Targeted by both prosecutors and his political opponents, Congressman Michael Grimm is going on the offensive, but not in front of the cameras. The Republican who represents Staten Island and parts of Brooklyn is issuing a leaflet as he tries to hold on to his freedom and his seat in the House of Representatives. NY1's Josh Robin filed the following report.
Michael Grimm's lawyer doesn't want to talk about his case.
The congressman wasn't at a hearing Monday. He's indicted on 20 counts, including tax evasion, related to a former business.
Legal woes are clouding his political future.
Last month, Grimm raised a tenth the contributions of his Democratic opponent, former City Councilman Domenic Recchia.
It's enough money for Grimm to hand out a double-sided flier noting Recchia's support for overturning term limits and ties to Mayor Bill de Blasio, spotlighting the mayor's push for low income housing. They appeared together in March.
"The mayor isn't very popular on the island and I don't know if it's going to be an effective strategy, but it seems to be the only card he can play right now," said Richard Flanagan of the College of Staten Island.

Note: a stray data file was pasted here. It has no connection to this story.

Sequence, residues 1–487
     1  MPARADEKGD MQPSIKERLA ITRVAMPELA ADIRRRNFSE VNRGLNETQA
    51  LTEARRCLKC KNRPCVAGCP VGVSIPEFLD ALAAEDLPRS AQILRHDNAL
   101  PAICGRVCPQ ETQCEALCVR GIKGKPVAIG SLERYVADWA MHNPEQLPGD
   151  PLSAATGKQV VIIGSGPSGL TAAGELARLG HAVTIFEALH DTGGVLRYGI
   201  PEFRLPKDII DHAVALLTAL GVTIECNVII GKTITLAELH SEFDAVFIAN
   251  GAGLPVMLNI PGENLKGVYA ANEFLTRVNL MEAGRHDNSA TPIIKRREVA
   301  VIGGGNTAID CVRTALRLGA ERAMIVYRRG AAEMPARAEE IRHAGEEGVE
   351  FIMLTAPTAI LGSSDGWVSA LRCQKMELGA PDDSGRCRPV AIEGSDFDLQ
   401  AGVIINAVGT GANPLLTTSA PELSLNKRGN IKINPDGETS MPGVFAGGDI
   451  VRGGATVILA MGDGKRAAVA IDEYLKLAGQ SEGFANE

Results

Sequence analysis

The term limits overturn is five-years old. His campaign says voters remember.
"It just gives you the impression that the opponent doesn't have any sense of what the general public is looking for," says Frank Aversa, of Grimm's campaign.
As for the legal case, supporters like Scott McGrath see a double standard.
"How do you say he can't be running for Congress, but you got Rangel, and he was found guilty and he's running again," McGrath says.
Congressman Charles Rangel committed ethics violations—but there's a bigger point.
"Grimm will harness a lot of resentment that Staten Islanders feel toward the liberal establishment, or rage against the man, in that Grimm has become something of an anti-hero," Flanagan says.
Recchia's campaign declined repeated requests to speak on camera.
A statement says in part: "Michael Grimm's distorted attacks on Domenic Recchia are a desperate attempt to distract voters from his 20-count federal indictment..."
As for Grimm, his campaign shoots down talk he'll resign in a plea deal.
The next hearing in this case is scheduled for August 8, and the judge is asking the congressman attend that one.
A trial can start as early as October. Of course, that's just before election day.